Blood sugar levels
These get a lot of attention in those with diabetes, but very little in those without this condition. Basically if you wander around with blood sugar levels that are too high, your risk of cardiovascular disease is greatly increased11. It is very important to make sure your diet does not lead to chronically raised blood sugar levels. For many this will mean reducing what is called the glycaemic load of their diet. In short try to moderate your intake of sugary drinks, cakes, sweets and puddings as well as starchy items that breakdown into sugars before being absorbed from your digestive tract. These include bread, rice and potatoes.
What does this mean for my diet and lifestyle?
A diet that reduces your risk of cardiovascular disease and the damage it causes through heart attacks and strokes would follow the general principles below:
- Reduce the amount of junk food you eat. This is a very general point, but junk food generally has too much salt, sugar, additives and trans-fats. All of these make cardiovascular disease more likely. Examples include foods from takeaway burger joints, ready meals from supermarkets and drinks of fizzy pop.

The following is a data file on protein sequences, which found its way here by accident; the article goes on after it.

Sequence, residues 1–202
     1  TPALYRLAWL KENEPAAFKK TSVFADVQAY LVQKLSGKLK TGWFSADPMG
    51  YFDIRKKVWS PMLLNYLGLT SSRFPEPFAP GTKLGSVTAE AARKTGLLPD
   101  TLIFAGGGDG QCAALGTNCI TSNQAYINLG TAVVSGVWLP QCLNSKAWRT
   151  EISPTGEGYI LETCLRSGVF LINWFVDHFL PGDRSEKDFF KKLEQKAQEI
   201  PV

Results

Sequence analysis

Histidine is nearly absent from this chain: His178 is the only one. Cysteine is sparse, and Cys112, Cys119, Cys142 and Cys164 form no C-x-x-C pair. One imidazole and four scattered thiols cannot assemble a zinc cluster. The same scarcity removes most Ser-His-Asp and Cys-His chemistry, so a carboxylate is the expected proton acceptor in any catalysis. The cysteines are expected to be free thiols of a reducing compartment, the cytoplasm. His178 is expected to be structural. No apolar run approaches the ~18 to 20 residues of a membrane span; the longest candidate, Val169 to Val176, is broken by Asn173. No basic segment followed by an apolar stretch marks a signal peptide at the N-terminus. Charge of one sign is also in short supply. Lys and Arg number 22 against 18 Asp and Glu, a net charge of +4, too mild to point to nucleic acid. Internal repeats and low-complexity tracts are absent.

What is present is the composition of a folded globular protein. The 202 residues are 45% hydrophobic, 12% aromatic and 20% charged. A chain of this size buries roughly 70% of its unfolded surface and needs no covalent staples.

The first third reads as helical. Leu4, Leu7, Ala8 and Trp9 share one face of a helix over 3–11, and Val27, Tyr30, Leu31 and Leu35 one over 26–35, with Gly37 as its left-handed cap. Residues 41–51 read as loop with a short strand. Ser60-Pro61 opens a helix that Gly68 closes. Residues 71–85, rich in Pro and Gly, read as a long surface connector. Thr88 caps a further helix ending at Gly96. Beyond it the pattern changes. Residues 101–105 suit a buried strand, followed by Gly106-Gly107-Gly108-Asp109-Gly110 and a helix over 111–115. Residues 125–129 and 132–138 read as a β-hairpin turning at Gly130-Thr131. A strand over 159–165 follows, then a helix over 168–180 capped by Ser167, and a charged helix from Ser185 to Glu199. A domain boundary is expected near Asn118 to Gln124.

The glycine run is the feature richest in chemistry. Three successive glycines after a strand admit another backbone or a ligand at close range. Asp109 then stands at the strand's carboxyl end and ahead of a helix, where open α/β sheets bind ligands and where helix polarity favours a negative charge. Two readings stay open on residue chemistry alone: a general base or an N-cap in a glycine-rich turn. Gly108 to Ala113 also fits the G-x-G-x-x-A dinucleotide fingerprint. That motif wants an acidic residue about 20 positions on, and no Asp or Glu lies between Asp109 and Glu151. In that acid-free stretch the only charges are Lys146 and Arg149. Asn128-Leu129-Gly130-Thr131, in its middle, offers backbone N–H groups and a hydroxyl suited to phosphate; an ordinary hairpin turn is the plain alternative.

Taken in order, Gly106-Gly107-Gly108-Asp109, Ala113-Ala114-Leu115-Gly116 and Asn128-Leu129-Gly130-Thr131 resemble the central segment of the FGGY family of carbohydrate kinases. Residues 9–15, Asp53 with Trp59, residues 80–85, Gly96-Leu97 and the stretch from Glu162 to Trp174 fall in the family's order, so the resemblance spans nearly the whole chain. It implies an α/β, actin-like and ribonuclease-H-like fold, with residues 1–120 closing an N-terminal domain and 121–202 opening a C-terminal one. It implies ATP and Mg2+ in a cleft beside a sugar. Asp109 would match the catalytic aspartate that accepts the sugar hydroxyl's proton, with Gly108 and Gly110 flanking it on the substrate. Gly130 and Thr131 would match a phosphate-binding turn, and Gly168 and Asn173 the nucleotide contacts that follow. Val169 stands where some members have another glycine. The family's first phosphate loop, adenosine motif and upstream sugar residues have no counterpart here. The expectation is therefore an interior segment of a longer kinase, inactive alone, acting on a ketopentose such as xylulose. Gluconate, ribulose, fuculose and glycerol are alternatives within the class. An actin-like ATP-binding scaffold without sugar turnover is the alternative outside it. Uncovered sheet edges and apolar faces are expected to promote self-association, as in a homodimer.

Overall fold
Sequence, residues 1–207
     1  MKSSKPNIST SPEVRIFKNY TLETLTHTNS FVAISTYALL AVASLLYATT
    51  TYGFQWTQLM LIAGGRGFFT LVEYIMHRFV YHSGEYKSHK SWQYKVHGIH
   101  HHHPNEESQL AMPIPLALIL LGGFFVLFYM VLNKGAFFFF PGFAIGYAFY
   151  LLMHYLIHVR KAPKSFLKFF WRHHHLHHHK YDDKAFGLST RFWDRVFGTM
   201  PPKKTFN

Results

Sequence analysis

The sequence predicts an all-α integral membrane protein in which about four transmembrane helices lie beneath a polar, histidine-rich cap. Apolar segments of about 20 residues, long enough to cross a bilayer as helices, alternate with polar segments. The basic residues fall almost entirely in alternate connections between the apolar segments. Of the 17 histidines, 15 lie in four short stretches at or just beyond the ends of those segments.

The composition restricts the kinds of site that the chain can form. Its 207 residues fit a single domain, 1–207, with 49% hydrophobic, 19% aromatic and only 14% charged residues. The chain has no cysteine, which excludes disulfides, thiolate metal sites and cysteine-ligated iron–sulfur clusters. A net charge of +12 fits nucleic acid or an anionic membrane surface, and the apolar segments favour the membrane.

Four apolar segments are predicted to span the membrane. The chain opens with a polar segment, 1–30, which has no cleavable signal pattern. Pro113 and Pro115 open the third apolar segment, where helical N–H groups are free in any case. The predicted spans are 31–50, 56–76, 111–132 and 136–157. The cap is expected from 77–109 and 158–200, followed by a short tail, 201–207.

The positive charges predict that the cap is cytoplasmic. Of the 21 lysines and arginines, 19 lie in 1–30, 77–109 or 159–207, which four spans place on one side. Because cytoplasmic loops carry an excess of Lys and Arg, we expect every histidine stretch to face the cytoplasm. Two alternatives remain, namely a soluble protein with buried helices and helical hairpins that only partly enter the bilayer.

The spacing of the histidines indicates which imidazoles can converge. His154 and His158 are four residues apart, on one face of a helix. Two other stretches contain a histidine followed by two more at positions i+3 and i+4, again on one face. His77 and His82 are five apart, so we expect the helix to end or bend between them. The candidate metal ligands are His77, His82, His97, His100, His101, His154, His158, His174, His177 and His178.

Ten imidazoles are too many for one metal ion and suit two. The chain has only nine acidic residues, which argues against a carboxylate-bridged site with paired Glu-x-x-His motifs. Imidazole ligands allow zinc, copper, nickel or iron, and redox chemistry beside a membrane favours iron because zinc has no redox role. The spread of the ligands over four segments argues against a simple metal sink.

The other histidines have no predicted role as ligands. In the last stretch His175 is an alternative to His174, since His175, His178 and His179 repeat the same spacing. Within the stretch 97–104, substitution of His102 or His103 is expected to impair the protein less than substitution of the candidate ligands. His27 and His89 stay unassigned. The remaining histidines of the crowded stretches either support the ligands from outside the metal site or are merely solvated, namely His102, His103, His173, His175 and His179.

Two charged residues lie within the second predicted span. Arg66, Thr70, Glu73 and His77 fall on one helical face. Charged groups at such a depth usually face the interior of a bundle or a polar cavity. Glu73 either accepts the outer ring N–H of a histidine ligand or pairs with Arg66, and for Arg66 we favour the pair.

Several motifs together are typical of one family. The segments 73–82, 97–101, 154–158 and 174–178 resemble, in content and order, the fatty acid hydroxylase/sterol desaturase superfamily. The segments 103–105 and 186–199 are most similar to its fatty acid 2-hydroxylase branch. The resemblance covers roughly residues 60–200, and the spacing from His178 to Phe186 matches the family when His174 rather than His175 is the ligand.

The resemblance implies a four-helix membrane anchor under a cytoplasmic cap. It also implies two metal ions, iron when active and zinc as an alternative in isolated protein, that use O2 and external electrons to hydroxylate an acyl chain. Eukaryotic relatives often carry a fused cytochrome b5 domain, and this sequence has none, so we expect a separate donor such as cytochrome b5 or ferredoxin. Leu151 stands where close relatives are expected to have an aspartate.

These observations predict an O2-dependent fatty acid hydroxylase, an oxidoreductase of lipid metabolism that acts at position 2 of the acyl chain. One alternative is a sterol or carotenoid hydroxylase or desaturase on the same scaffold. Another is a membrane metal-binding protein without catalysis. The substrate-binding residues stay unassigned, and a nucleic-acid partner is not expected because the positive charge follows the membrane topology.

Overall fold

- Eat more fruit and especially vegetables. Again this is a big food group, but many fruits and vegetable contain nutrients that help protect and repair your blood vessels from damage. Examples include tomatoes which when cooked provide a high dose of lycopene to quell oxidative damage to blood vessels, cooked beetroot which can release substances that relax your blood vessels and plants of the allium family, such as garlic, onions and leeks prevent blood clotting and narrowing of arteries.
- Try and incorporate some omega 3 fats into your diet. The most effective way of doing this is through oily fish such as mackerel, herring, trout, sardines, pilchards, kippers and tuna (not the canned stuff). One issue with these fish is that they can accumulate high levels of toxic heavy metals and pesticides in their fatty tissues. This is the reason pregnant women are sometimes advised to moderate their intake of them. One way to get round this is by using fish oils that have been processed to remove these contaminants. For vegetarians, omega 3 can be obtained from seaweed extracts. Linseed oils may also be effective in those with the ability to convert its omega 3 fat into a more potent form.